We’re double-digit days into 2021 and #Januworry is still trending on social media channels. From the amount of posts about surviving on 2-minute noodles, it seems that many South Africans started the new year with a financial hangover after overspending in December. If you were a bit too merry over the festive season, don’t despair – it is possible to have a more financially friendly year, starting now.
“If you’re not sure where to start, a budget is always a smart first step. This will help you feel more in control, knowing where your money is going each month and ensuring you live within your means,” says Susan Steward, spokesperson for Budget Insurance.
Budget Insurance has compiled a guide to smart money management:
Create a financial calendar and set dates to go through your financial records and receipts. Assess your holiday expenses and create a plan around cutting back and consider a payment plan for outstanding bills, don’t ignore them. For the rest of the year, keep a record of your expenses, receipts, bills and tax-related paperwork in a folder or scan them.
Review your current expenses
- Check your statements. Do an inventory of all your accounts to see what you’re receiving and spending monthly.
- Group your expenses. Tracking your expenses by grouping them helps you to see how much you’re really spending.
- Keep track. Budgeting apps allow you to record your purchases and expenses as you make them. There are several budgeting apps tailored for various needs to choose from. You can also use an excel spreadsheet.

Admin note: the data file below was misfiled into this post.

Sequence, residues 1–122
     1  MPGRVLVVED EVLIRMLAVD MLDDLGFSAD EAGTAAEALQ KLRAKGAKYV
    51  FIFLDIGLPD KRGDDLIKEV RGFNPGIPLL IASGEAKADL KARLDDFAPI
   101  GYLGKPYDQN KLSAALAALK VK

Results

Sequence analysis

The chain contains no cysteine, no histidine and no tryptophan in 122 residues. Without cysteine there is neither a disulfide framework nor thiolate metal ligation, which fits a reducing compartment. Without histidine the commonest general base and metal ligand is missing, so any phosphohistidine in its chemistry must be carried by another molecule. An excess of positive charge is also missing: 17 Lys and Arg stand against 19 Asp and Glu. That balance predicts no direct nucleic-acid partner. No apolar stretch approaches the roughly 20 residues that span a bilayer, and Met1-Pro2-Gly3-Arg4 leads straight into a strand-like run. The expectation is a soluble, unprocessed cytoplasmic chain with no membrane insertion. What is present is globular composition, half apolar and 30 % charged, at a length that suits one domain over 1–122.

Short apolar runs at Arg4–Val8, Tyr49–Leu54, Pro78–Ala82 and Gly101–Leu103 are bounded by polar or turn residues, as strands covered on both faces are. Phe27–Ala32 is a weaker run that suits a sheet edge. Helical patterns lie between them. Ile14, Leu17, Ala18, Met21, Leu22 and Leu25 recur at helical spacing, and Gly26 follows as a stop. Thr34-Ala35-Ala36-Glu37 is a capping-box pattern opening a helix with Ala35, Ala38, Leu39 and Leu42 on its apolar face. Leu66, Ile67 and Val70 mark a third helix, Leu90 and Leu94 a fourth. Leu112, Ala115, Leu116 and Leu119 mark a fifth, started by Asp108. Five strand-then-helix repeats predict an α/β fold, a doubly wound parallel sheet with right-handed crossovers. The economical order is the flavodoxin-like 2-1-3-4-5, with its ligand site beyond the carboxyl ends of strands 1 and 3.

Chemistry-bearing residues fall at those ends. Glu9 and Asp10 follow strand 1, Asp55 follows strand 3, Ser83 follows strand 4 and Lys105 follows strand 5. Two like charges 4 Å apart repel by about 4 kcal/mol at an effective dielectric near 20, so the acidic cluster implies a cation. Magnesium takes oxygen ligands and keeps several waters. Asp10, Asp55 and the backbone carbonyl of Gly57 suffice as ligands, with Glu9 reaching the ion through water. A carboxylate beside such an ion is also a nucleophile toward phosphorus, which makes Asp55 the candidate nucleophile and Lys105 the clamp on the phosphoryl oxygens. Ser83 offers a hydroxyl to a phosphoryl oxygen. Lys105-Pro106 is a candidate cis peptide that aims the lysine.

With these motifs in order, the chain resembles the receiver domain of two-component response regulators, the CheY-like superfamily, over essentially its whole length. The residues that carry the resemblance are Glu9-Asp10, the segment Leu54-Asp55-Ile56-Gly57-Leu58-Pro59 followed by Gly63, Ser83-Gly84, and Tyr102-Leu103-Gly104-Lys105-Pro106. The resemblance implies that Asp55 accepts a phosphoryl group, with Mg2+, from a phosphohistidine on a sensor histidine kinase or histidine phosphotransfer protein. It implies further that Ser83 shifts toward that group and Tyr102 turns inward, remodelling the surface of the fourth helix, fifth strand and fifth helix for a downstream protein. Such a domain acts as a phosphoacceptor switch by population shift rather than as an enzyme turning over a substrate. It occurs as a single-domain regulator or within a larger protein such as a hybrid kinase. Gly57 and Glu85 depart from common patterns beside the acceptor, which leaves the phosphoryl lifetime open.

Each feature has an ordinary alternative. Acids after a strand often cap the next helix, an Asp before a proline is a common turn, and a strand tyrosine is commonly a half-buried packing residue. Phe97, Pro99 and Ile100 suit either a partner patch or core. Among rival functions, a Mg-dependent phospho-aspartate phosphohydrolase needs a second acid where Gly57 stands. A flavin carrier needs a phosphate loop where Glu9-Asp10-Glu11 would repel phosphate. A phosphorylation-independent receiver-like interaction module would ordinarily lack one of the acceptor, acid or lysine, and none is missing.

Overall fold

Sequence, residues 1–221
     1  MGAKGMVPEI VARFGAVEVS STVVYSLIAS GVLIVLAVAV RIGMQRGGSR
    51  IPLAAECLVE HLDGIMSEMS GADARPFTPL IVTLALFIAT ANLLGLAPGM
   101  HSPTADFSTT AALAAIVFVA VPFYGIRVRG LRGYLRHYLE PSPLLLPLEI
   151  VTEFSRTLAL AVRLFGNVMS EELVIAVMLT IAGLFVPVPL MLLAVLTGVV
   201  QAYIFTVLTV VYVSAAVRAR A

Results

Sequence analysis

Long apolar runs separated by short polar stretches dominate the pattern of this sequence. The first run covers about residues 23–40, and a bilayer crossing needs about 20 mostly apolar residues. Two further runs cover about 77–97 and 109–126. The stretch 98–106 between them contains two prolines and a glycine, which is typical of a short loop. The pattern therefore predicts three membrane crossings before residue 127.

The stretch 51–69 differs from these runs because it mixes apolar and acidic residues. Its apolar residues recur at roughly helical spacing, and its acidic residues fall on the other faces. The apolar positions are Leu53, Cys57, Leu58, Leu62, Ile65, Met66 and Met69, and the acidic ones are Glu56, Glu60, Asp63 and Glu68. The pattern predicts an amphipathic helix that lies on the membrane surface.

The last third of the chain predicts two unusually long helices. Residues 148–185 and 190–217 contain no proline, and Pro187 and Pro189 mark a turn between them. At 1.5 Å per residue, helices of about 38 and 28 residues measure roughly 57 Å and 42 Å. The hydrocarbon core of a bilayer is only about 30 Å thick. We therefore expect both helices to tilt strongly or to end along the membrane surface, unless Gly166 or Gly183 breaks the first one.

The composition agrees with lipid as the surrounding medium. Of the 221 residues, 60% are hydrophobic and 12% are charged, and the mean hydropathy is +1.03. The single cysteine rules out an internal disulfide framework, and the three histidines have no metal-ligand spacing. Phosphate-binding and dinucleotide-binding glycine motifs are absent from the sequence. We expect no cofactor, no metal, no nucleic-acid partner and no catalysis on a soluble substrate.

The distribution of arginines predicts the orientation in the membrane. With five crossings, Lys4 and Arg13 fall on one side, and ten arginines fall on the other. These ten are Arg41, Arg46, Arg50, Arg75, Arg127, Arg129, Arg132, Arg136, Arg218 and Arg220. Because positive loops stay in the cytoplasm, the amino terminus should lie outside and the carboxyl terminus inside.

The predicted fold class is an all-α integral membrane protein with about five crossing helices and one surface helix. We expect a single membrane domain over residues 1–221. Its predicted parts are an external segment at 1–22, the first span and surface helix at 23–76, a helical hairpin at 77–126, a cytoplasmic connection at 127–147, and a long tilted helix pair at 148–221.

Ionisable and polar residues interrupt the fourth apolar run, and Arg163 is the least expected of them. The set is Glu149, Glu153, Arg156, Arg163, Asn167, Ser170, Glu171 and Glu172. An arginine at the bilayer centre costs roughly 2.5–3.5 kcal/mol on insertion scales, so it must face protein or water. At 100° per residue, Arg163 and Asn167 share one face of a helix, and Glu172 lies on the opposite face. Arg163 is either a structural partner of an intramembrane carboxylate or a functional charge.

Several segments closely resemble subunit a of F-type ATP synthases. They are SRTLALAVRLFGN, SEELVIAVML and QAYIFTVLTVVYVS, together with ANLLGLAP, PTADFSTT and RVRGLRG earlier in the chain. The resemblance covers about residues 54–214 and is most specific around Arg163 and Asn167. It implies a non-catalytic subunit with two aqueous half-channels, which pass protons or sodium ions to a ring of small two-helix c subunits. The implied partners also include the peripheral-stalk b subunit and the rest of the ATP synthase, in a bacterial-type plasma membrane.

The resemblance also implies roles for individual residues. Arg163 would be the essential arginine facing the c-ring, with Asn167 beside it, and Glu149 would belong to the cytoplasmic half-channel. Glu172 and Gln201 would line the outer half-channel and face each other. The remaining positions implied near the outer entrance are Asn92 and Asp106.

Clear out and sell unwanted things
Get rid of the things that no longer serve your home to create financial breathing room.
- Identify unwanted items and create a list – taking pictures of the items makes this process easier.
- Place an ad online, for example on Facebook’s Marketplace, which is free and easy to navigate. All you need is a Facebook account and you’re ready to go. Yaga is another website where you can sell second-hand clothing.
- Advertise the items’ value and be willing to negotiate.
Spend less on school supplies.
- Do an inventory. Take stock of what you have and avoid duplicate purchases.
- Budget and plan. Draw up a list of the supplies needed. Sign up to get updated price lists from a school-supply website such as SchoolSuppliers.co.za. That way, you can stick to your budget.
Remember, even the smallest adjustments can make a meaningful difference over the long term. Channel the extra money you have into paying off your debt faster, starting with those with the highest interest rates, first. As your debt repayments start getting smaller, you will have more and more money to allocate to your personal savings.
“Develop a positive attitude towards learning how to save money and how you handle money and hold yourself accountable. It’s not an overnight achievement, so be patient with yourself. What matters is taking the first step,” says Steward.